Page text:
A story:  a scout planned to build a bridge across a hiking trail.  Permits and red-tape took longer than planned – Connecticut winter set in and he missed his weather window.  He had to plan a different project which he completed in the Spring.  By then he was older, completely self-sufficient, and had learned better to plan for the unknown.  He completed his new project with virtually no adult help.  It was the best eagle project I’ve yet encountered from a Scoutmaster’s perspective.  Lots of learning:  planning, patience, leadership, self-sufficiency, etc.  And the highlight of the whole process was a dramatic failure.  But because he started soon enough, he had time to regroup and be successful.

As a side note, some parents tell their boy that he can’t get his driver’s license until he complete’s his eagle.  I thought that was  horrible message to send to scouts when I first heard of it.  It is certainly counter to scout principles to punish scouts for not completing their eagle according to an adult desire for them to do so.   Now I realize it doesn’t matter.  Scouts never complete their eagle because of this “swinging ax” and parents always cave.  Just makes the parent look silly in the end.

Early indicators of a scout who is waiting too long to start his eagle project are ones who are very active in the troop past 16 y.o. and are Life rank and have completed most of their Eagle merit badges.  Also, scouts with a tendency to under-plan camp outs and troop activities will likely under-plan their own eagle project.

Scouts who try to complete their projects in a cloak of secrecy.  Some scouts work under the illusion that they are to complete their project independently and show the final results to their adult leaders and beneficiary for approval.  They get their sign-offs to do the project and then it seems like they forget all about it.  Until, that is, they show up and ask for final sign off.  This is a problem because the scoutmaster and unit leader aren’t signing off on the end result.  They are signing off of the process.  Did the scout show leadership or did another scout or adult provide the planning and leadership?  The only way unit leaders can (or should) sign off is if they’ve observed the process.  Here is what the Scoutmaster is actually signing off on when the Eagle project is proposed:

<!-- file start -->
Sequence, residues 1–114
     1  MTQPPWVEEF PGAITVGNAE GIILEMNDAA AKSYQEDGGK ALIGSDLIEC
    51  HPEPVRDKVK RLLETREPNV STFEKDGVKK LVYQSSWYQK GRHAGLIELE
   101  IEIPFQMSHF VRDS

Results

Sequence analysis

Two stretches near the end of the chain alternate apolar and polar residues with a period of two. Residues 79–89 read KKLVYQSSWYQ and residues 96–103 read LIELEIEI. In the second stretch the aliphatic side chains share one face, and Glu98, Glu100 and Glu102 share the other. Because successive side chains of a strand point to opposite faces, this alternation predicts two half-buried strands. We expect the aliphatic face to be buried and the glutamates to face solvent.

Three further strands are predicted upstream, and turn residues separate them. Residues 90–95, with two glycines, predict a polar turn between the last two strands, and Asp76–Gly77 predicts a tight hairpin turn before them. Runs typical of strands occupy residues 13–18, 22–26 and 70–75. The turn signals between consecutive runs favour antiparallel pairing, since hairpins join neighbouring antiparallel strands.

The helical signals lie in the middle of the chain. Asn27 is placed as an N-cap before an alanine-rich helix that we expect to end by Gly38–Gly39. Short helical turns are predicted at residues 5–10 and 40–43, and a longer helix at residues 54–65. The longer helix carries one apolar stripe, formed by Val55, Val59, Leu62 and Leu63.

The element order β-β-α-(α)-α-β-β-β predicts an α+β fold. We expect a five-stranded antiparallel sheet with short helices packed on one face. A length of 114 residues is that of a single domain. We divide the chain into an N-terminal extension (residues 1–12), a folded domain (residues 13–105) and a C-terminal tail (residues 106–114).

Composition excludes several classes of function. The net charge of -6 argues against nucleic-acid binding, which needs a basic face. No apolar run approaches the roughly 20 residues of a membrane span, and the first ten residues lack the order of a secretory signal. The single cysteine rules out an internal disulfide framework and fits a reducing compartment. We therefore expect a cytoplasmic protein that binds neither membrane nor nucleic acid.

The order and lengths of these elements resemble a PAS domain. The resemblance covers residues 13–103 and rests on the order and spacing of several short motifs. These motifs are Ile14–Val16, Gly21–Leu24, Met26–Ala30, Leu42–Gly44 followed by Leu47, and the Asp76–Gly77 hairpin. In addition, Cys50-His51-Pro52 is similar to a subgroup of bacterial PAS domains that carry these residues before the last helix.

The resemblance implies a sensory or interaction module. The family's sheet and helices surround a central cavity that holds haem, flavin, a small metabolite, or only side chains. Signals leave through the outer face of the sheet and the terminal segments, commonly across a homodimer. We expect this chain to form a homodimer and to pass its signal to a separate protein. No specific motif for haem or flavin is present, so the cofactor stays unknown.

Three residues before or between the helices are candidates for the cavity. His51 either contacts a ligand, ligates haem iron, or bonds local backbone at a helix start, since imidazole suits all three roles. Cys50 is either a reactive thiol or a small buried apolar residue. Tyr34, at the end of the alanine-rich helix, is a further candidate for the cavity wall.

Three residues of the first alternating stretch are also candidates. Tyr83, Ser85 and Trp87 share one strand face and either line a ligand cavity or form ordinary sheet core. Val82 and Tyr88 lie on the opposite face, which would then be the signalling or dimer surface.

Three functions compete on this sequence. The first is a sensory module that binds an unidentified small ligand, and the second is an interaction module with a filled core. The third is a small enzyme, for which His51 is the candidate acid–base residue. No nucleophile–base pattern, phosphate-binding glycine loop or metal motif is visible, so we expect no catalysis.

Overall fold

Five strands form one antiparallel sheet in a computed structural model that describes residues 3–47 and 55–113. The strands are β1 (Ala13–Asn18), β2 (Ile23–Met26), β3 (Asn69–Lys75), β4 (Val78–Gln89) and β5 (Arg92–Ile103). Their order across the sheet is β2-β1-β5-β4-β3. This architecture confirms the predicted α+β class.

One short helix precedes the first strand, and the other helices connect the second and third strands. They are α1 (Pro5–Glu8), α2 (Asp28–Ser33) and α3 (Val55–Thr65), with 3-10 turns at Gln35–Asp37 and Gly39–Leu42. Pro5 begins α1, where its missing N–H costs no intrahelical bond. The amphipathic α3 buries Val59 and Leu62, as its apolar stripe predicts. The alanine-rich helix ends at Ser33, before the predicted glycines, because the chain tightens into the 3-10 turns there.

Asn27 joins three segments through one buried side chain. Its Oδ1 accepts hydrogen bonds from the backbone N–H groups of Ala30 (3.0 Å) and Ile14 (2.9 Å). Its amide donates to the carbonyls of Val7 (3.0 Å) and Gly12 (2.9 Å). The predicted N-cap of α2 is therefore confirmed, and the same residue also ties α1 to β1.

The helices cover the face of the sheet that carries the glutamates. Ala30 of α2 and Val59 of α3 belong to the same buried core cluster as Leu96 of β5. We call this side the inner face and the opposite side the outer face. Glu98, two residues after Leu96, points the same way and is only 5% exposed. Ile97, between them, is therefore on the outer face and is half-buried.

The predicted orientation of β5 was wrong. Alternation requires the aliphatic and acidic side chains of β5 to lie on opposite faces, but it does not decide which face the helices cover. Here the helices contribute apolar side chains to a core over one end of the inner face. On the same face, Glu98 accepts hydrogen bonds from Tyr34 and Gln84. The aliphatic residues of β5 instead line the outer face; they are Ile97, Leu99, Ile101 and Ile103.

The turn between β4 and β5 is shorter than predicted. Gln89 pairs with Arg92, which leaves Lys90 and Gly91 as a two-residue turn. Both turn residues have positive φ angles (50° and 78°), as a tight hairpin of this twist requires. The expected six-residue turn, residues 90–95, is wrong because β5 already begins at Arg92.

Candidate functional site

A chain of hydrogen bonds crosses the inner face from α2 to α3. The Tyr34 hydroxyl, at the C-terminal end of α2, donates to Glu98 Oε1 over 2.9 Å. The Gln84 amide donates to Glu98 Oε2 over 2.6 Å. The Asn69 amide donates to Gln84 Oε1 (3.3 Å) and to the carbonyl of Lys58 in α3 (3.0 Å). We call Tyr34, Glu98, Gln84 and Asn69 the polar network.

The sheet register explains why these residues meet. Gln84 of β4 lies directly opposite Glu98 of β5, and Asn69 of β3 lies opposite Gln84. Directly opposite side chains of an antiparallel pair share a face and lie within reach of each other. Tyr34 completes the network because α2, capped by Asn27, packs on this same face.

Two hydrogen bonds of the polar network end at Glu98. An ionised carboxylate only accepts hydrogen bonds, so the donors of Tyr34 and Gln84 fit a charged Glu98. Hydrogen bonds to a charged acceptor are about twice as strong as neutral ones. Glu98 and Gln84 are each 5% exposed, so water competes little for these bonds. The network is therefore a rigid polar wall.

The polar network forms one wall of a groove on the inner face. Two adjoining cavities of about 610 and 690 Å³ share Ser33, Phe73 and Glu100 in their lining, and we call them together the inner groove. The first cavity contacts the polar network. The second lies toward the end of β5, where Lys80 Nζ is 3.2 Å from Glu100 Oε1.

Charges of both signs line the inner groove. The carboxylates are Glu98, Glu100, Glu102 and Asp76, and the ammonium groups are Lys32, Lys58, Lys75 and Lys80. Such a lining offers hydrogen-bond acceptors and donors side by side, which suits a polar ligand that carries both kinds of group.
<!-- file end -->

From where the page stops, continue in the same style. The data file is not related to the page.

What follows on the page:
Scoutmaster Project Plan Approval

Note that nothing in this signature block relates to the success or failure of the project. And the line “I will see that the project is monitored, and that adults or others present will not overshadow him.”  If the Scoutmaster (or his designee, an Eagle coach) are not given the opportunity to monitor the Eagle project, then the scoutmaster should not sign off.

Note that if you deny your signature, you aren’t saying the scout can’t become an eagle.  You are saying that they haven’t finished their eagle project.  They may have to do it over or find another project and do it right.  The only exception to that is if the scout has run out of time because of their 18th birthday.  These will be tense conversations with scouts and perhaps even more with parents.  (See How to Deal with Helicopter Parents.)  But if you aren’t willing to say “no”, your “yes” means nothing – a huge disservice to scouts who have done it right.

Early indicators of scouts who are going to try to complete their cloaked eagle project are ones who avoid troop activities that require responsibility.  They will attend troop meetings where they can hang with their friends or do their own thing.  But if it requires mentoring a younger scout or doing the planning for a camp out, they’ll be conspicuously absent.  They will also avoid forming strong bonds with adult leaders and  if you play close attention, you’ll notice they hold your most dedicated scouts in poor regard.